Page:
€14m of the government’s investment in third-level education announced in Budget 2017 will be allocated to dealing with the increasing numbers attending public-funded institutions. Minister for Education, Mr. Richard Bruton announced the breakdown of how the €36.5m allocated to third-level education will be invested yesterday.
Just €14m of the fund will be allocated to dealing with the increasing number of students in third-level education. The number of college-attending students has increased by 38,000 over the past 10 years. 179,000 students are expected to attend this year, which is an increase of 1,500 on last year’s figures. Next year, numbers are set to increase by 12,000 in primary and secondary schools with those attending third-level expected to increase by a third in the next 10 years.
2012 saw the removal of postgraduate maintenance grants by the Fine Gael-Labour coalition. Since then, the number of postgraduate students has declined in higher education. However, starting next autumn, about 1,100 postgraduate students will be eligible for grants of up to €5,915.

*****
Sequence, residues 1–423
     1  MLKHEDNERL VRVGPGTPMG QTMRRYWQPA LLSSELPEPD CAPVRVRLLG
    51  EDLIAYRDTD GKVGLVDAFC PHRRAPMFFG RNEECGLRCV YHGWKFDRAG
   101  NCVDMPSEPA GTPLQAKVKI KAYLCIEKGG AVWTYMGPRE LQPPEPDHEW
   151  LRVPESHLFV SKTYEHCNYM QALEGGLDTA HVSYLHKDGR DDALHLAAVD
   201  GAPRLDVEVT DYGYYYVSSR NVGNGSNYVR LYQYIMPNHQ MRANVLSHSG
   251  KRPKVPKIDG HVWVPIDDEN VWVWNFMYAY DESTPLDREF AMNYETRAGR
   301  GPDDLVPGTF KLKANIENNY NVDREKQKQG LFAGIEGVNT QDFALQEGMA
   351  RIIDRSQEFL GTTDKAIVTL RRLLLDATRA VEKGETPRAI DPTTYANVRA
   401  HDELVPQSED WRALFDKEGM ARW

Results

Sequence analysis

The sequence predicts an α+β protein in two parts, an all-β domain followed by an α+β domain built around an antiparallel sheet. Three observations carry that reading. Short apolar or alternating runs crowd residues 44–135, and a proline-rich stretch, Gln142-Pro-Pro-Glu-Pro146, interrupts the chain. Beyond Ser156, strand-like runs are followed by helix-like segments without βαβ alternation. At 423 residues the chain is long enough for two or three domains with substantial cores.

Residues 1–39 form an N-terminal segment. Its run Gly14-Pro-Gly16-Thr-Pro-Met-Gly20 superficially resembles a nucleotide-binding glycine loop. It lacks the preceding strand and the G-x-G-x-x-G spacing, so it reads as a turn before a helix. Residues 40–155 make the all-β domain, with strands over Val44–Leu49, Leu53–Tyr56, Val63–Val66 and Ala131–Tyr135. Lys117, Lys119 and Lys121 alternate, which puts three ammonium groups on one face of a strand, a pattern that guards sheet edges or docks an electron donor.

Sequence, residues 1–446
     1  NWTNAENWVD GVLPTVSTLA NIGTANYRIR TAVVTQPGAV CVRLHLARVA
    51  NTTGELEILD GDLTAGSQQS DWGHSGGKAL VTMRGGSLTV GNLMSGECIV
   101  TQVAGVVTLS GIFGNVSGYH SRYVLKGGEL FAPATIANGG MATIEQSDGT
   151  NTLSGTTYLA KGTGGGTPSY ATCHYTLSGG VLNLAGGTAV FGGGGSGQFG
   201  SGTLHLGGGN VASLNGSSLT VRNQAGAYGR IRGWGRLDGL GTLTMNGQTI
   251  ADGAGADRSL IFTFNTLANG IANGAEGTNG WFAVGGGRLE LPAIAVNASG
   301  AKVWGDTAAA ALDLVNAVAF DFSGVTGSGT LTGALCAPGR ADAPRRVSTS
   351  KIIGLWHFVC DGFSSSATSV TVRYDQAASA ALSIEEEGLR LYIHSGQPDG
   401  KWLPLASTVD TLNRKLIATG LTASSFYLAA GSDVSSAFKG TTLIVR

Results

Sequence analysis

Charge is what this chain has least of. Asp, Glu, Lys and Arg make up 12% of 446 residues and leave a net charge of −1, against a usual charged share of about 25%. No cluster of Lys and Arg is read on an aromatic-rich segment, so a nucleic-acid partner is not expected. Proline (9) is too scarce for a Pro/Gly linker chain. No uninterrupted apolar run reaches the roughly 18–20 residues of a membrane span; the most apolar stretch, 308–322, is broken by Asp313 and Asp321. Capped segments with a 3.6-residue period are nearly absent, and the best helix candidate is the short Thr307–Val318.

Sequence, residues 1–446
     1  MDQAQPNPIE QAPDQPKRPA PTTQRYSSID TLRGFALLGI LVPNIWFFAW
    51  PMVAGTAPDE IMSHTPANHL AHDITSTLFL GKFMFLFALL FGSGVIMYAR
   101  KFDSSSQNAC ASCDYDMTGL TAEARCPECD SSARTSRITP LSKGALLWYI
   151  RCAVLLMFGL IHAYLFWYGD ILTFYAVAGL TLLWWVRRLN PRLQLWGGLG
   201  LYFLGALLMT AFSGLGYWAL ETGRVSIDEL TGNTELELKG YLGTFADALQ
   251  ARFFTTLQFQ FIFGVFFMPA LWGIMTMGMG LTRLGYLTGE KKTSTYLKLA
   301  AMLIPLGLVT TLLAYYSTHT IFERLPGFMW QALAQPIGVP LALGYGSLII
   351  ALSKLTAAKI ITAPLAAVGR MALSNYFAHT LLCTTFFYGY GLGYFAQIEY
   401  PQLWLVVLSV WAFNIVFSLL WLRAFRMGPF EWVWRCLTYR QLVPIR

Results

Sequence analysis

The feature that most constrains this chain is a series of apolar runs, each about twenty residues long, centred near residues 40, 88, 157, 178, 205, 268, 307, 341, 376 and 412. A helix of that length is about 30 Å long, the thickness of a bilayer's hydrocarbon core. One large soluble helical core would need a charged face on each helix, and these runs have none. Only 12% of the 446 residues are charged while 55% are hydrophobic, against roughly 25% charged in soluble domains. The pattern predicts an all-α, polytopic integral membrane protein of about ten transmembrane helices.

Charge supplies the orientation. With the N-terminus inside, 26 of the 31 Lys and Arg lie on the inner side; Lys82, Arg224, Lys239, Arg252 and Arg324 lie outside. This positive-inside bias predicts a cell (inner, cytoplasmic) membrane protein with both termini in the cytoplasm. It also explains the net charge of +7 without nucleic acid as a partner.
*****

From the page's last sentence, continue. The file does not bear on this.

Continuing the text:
€1m has been allocated to support single parents attending higher education. €2.5m is to be provided to aid and encourage those from disadvantaged backgrounds to attend third level. A 1916 centenary grant scheme will be introduced at the value of about €1m to enable those underrepresented in higher education to attend.
The 2017 Budget marks the first time since 2008 that extra money is to be invested into third level education. Following nearly a decade of cuts where funding dropped by a third, the added €36.5m has been allocated to third level institutions with a further €160m to be invested over the next three years.
Additional reporting by Sarah Meehan.